• Tremblay-Michaud

Employers, start the damage control.

As we all know, 2020 saw unprecedented repercussions in the job market. From temporary work stoppage to layoffs, delayed contracts, and more, almost every industry shut down in some way during the month of April. To help compensate for those losses, the government quickly put financial support into place to provide Canadians with basic revenue. Six months since the start of this crisis, the Canadian Emergency Response Benefit (CERB) is still helping some 4 million Canadians to make ends meet.

As commendable as this measure is, CERB has had a devastating effect on employers whose workers generally earn minimum wage. The service and agriculture industries have been hit especially hard, as well as industries who hire employees for seasonal work. By making the qualifying criteria for CERB easier than Employment Insurance, many Canadians opted to stay home rather than go to work. While some employers were content to wait out the CERB period for the situation to improve, the federal government opted to prolong CERB until fall by relaxing Employment Insurance conditions.

Those within the Liberal caucus are also leading us to believe that the government will provide Canadians with a guaranteed minimum income. The caucus is asking for priority political resolution on this to be adopted by November.

This measure will have a significant impact on Québec employers through the considerable loss of minimum-wage employees. Even before the pandemic, the province was facing a labour shortage. Prolonging CERB—in any form—will impact the pool of potential employees looking for minimum-wage work. Employers will no longer be able to find the candidates they need to continue operating at their current payroll.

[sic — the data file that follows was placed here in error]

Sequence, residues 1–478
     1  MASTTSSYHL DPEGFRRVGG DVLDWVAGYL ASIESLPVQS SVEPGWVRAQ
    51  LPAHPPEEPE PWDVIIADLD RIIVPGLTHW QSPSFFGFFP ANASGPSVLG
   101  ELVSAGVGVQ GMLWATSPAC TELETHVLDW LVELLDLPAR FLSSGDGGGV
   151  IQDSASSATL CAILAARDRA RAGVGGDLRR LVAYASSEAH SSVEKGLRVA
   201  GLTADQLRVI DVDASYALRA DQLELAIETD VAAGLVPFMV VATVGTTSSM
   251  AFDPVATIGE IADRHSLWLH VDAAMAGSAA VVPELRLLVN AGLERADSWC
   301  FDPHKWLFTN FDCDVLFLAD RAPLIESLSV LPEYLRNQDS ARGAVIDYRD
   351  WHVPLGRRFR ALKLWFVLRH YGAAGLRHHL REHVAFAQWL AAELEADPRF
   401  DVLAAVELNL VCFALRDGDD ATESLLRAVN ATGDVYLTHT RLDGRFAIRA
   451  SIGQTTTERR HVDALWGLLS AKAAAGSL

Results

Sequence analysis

What solutions will be available so Québec companies can continue their operations? Employment in the service industry will be replaced by the automation of a range of tasks. Automated chatbots and the use of AI will be used to enhance the customer experience, all mainly without the need for employees. And make no mistake: Solutions like this are already in operation at most of the places you do business. SMEs will also begin to take a closer look at automation, as they’ll be left with no other choice. The manufacturing industry currently uses automation and robotization, and has been outsourcing production to other countries where cheap labour has been available for years.

Our agricultural sector needs to increase immigration for temporary workers if producers are to avoid losses (like this summer’s milk and blueberry losses, to name a few). But we must first find support from federal and provincial governments.

What should you be doing? Start planning today for impacts on your human resource capital—especially if CERB is extended into 2021 or the government implements guaranteed minimum income.

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